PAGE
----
Hainan Danzhou Masters: Yu Yangyi bags title; Vidit Gujrathi ends up at bottom of leaderboard after exciting final round
While Vidit Gujrathi's overall performance was quite dismal, one must keep in mind that this was a very strong tournament with every player rated above Elo 2700.
After a stormy penultimate round, the battle for the title of the 9th Hainan Danzhou Masters was between the overnight tournament leader, Yu Yangyi and his compatriot Bu Xiangzhi. Bu was half-a-point behind the leader and had to win at all cost to remain in contention.
Yu Yangyi, on the contrary, could afford to take things calmly. He had the luxury of going for a solid draw and putting the onus of catching up on his rival – and that is what he did. Bu, however, was unable to win his game to catch up in the tournament lead. With the black pieces, he lost quite surprisingly against Vladimir Fedoseev, leaving Yu Yangyi in sole first place.
Meanwhile, Indian number three, GM Vidit Gujrathi was battling to avoid finishing last in the tournament. The final round had pitted him against Vietnamese number one, GM Le Quang Liem. Vidit had the white pieces in this game and this was a good opportunity to finish the tournament on a high note.
The game began with a Nimzo Indian Defence in which the players followed the moves from the game between Alexei Shirov and Michael Adams in Bilbao, 2014. On his 14th turn, Vidit deviated from Shirov's play and came up with a novelty. As play progressed, Vidit gave up a pawn in the middle game in order to manoeuvre his knight to the king side.
Le Quang Liem was able to hold on to this pawn well into the endgame. As compensation, Vidit had the initiative and a better pawn structure. On the 64th move, the tide began to turn in Le's favour, Vidit cracked and made back to back errors.
Vidit had chased his opponent's king all the way from the kingside to its current post where it now looked safe. White had no checks and or any tricks for that matter any longer. Unwilling to exchange more pieces – which was the best way to proceed – Vidit decided to move his king and this turned out to be fatal. After this move, the king suddenly began to look exposed. Vidit tried a few checks but after Le found a safe spot for his king, he just had an overwhelming advantage.
Tournament leader, Yu Yangyi had the black pieces against Sam Shankland in the final round and went for his favourite Petroff Defence. As is the case in most Petroffs, the position reached out of the opening was rather bland. By the 21st move, a dead equal endgame with rooks and bishops of opposite colours was reached. The game went on for 17 more moves but the result of the game was never in doubt.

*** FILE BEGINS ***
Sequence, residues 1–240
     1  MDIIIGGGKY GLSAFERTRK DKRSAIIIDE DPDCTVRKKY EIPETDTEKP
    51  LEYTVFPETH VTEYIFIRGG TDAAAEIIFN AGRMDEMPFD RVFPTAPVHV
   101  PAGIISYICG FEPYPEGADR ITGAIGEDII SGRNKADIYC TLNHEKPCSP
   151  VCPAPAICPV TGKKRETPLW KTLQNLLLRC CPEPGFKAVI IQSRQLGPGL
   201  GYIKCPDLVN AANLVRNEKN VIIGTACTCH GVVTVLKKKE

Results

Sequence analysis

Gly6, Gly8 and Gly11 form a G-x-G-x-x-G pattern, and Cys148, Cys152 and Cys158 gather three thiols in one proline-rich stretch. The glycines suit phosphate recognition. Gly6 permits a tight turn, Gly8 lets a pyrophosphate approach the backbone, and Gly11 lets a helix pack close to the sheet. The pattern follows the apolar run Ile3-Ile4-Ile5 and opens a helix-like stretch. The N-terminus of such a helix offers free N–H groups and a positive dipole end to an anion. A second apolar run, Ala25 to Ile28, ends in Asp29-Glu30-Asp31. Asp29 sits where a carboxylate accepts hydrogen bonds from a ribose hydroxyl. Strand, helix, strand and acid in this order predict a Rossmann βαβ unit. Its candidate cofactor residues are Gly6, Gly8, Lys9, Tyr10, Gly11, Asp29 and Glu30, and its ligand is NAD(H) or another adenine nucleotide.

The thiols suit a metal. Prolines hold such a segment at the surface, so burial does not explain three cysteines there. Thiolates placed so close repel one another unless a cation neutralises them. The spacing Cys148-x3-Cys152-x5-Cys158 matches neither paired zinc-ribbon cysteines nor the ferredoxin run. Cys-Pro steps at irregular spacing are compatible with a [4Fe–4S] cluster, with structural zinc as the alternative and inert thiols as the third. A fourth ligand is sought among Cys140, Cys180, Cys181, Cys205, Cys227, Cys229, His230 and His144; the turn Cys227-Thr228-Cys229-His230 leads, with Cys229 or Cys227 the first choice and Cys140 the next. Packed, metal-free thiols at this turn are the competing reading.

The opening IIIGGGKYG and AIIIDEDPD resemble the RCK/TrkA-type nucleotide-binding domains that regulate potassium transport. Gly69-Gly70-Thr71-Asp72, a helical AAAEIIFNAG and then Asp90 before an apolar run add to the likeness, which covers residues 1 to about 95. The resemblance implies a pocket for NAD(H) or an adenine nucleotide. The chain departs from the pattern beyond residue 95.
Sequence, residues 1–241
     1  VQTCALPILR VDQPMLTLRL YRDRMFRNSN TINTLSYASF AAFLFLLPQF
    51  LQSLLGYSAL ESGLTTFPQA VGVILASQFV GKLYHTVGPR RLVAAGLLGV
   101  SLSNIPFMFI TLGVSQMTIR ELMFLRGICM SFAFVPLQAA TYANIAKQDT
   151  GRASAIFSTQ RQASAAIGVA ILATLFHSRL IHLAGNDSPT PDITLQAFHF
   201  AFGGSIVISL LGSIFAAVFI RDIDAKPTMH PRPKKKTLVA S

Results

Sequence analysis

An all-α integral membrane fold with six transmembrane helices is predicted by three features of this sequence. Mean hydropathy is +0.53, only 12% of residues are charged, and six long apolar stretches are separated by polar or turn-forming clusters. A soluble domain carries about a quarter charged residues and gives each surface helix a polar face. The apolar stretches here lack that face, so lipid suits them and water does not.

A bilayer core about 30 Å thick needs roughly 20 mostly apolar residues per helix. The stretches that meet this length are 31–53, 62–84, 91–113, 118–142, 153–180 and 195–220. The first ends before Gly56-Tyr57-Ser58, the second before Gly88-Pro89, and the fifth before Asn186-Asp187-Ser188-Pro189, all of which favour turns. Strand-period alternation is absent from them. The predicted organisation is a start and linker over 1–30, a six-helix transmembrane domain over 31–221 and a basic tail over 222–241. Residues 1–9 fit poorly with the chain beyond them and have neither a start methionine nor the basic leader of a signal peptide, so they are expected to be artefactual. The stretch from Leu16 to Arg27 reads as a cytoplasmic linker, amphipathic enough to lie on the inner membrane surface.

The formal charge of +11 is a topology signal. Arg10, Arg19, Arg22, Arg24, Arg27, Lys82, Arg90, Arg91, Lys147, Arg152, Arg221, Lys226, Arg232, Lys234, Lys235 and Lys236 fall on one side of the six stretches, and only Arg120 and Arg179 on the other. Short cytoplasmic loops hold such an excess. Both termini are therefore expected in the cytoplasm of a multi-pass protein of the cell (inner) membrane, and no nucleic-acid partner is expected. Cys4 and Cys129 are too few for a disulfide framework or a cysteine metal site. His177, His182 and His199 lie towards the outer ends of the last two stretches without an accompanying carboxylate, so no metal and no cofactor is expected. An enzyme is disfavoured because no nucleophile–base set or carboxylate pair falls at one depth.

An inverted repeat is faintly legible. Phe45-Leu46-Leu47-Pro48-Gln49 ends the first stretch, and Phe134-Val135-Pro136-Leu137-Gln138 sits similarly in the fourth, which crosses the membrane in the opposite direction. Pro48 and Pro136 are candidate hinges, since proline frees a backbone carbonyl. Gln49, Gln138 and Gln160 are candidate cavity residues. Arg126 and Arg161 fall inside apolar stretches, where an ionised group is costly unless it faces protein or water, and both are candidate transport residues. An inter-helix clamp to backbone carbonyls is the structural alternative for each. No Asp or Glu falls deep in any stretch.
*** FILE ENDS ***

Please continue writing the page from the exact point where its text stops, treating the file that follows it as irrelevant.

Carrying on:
A draw in Yu Yangyi's game meant Bu Xiangzhi had a chance to catch up with the tournament leader. However, Bu's position against Vladimir Fedoseev did not hold much promise. Within the first 25 moves in a Queen's Indian Defence, the game had reached a rook and pawn endgame with five pawns for each side.
Although the position looked more or less equal in this endgame, Fedoseev was in the driver's seat. Despite material equality, Bu was under some pressure due to his weak pawns and passive rook. Fedoseev managed to net a pawn immediately after all the liquidations by making the most of his rook's active post. It took some time in the ensuing endgame for Fedoseev to convert the game but by move 58, he had secured his first win of the tournament.
Jan Krzysztof Duda and Wei Yi discussed the Mikenas variation of the English Opening. Wei was very well prepared for the game. Deviating from known theory on his 8th turn, he went on to get a slight advantage early in the game. Although queens were off the board, Wei, with his extra space and double bishops, exerted considerable pressure on Duda's position. Duda fought hard to restore equilibrium but black's advantages turned out to be too difficult for him to deal with.
Among the tail-enders after the penultimate round, Vidit was the only player to lose. While Shankland drew against Yu Yangyi, Fedoseev and Wei Yi won their games against Bu Xiangzhi and Jan-Krzysztof Duda respectively. This left Vidit as the only player in the last place.
While Vidit's overall performance was quite dismal, one must keep in mind that this was a very strong tournament with every player rated above Elo 2700. Not to mention, in comparison to most of his rivals, Vidit lacks experience when it comes to round robin tournaments. In fact, this is only the second time that he has been a part of a major closed event. But this might also turn out to be an important learning experience for Gujrathi who is slated to lock horns against some of the very best players of the world in his next closed event, the Tata Steel Masters in January 2019.
Aditya Pai is an editor at ChessBase India.